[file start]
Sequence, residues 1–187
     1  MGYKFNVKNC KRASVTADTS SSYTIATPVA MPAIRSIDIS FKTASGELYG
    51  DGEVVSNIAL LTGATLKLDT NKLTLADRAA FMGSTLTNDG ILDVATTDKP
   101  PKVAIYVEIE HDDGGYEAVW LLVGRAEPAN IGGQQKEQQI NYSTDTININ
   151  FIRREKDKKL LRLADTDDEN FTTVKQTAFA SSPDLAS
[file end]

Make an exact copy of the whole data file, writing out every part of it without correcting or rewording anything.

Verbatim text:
Sequence, residues 1–187
     1  MGYKFNVKNC KRASVTADTS SSYTIATPVA MPAIRSIDIS FKTASGELYG
    51  DGEVVSNIAL LTGATLKLDT NKLTLADRAA FMGSTLTNDG ILDVATTDKP
   101  PKVAIYVEIE HDDGGYEAVW LLVGRAEPAN IGGQQKEQQI NYSTDTININ
   151  FIRREKDKKL LRLADTDDEN FTTVKQTAFA SSPDLAS